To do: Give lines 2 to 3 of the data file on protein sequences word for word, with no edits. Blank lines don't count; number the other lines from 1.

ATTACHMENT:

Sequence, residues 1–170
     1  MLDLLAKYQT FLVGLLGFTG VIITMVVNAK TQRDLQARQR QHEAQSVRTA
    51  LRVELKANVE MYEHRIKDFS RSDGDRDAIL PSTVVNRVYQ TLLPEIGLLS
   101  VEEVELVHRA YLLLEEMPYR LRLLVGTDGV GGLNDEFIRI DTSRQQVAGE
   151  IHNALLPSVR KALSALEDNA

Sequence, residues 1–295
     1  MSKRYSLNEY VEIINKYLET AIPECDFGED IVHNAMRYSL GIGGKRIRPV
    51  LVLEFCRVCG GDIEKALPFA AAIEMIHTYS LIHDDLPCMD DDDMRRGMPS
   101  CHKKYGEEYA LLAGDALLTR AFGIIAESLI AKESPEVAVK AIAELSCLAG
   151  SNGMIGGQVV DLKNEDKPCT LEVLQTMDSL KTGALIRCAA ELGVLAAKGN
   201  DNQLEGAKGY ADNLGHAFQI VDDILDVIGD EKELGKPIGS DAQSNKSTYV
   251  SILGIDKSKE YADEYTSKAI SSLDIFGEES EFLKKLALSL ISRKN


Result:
     1  MLDLLAKYQT FLVGLLGFTG VIITMVVNAK TQRDLQARQR QHEAQSVRTA
    51  LRVELKANVE MYEHRIKDFS RSDGDRDAIL PSTVVNRVYQ TLLPEIGLLS